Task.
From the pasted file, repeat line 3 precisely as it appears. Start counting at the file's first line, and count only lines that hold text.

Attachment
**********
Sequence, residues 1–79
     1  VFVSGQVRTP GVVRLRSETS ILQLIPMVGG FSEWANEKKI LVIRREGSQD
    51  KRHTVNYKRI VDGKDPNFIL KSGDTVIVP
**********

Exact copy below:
    51  KRHTVNYKRI VDGKDPNFIL KSGDTVIVP